I learned that your perception of what you do and other people’s perceptions are completely different. Baby Teeth was meant to be this pop band, very simple songs, and people thought it was completely bizarre. Like prog doo-wop or something. It popped the bubble of thinking I was going to be commercially successful. Because huge stars do not confuse anybody. That’s the genius of somebody like Sheryl Crow. She can stand in front of thousands of people and convey something incredibly simple that’s hard to misinterpret—like a John Deere tractor. Everything I’ve made has been outside of that category.
I started teaching piano in 2001 and began Piano Power in 2007, when I started bringing in other teachers. We have about 300 kids right now and 18 teachers. A lot of kids come to Piano Power from other experiences where they’ve been pushed through a method without enough checking in on whether their love of music is deepening or eroding. Our kids tend to work with teachers who have a strong interest in making sure they love what they’re doing. Most of the time that comes with being superinteractive.
It goes back to that moment with “The Flame.” There is a way to communicate the melody and the chords and turn piano into a cool activity. You can’t assume it’s something they’re going to gravitate to. Let kids play what they want, encourage composition—even if they’re seven years old and composition means stringing five notes together. During recitals we have amazing moments of eight-year-olds singing and playing original music.
I’m finishing up this David Byrne book, How Music Works. He says that the economy has shifted in a way that makes being a music consumer easier than a music maker. As a kid with access to the Internet it’s easy to say, “I can explore everything that’s ever been made, but I’m not necessarily going to relate to it as someone sitting in a log cabin playing folk music. So I’m gonna buy stuff off iTunes.” We’ve been able to demystify what it means to write your own song and dip your toe in the water of contributing instead of downloading.
Shame That Tune started because I did an event for WBEZ where Ira Glass and a few others were giving ten-minute talks about creativity—and they brought me in to play a song that comically summarized what had been discussed. People liked it, and it was accessing something I wasn’t using. It’s such a random skill, I guess—making a comic response song to a story that somebody else tells. And there was no existing avenue for me to do it with the spirit I wanted.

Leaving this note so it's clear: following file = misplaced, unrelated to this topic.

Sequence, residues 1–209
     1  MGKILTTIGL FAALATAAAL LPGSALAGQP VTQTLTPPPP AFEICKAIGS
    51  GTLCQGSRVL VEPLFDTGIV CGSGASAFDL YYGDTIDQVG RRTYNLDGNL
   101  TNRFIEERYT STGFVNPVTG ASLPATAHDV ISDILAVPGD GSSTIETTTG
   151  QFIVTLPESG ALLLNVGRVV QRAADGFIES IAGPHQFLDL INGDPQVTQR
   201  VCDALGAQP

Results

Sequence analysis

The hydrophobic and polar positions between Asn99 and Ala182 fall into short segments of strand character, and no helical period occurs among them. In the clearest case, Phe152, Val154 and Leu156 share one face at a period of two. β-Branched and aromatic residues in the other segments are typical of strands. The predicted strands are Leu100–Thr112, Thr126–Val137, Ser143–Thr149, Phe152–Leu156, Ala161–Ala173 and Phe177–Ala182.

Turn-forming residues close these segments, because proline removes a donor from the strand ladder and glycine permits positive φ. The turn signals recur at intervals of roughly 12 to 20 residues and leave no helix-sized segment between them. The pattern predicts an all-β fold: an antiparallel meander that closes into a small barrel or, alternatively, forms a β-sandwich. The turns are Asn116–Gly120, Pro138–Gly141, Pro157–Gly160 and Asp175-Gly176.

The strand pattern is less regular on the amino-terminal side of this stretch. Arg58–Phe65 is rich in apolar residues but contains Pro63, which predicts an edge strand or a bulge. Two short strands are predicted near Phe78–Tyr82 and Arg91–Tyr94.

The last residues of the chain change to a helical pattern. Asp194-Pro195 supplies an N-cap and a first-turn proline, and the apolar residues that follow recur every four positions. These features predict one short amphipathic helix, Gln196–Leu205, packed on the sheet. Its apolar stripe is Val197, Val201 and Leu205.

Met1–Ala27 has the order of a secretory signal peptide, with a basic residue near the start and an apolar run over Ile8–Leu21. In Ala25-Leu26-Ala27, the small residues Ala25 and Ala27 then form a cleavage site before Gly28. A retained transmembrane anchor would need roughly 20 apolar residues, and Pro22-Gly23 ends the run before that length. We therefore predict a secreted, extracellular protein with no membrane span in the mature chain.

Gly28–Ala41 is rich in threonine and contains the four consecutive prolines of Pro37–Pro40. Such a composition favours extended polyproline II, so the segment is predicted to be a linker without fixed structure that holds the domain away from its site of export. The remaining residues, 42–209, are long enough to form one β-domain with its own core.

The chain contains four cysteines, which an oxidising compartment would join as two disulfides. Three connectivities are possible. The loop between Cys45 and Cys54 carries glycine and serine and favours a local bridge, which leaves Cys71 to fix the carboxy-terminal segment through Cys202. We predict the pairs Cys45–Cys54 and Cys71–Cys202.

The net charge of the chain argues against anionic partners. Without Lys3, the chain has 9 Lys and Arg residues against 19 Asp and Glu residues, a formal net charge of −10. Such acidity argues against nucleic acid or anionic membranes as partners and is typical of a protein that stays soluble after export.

[Shame That Tune cofounder] Brian [Costello] and I knew we didn’t want it to be a reading series because that felt too serious. The idea of turning it into a game show would make it more fun and puncture the idea that the audience had to put on their pointy hats and listen to cultural-uplift material. I never worry about [writer’s block] because I’m just trying to do something really stupid. If I was trying to do something remotely artistic, I’d get writer’s block. I’m setting somebody’s story to “Baby Got Back.”
Quite clearly this is a neighborhood show that people love—and I’m grateful for that. But odds are the progression will be steady rather than explosive. The ongoing process for me is making peace with the cultural role that you have.
The comedy is more fun for me when it’s a refuge from the seriousness of writing songs. The idea of being somebody who does comedy every night is not appealing to me. The idea of being somebody like Jewel who goes onstage every night and bares her soul is not appealing to me. Both of those things feel most exciting to me when they are release valves from something else. ●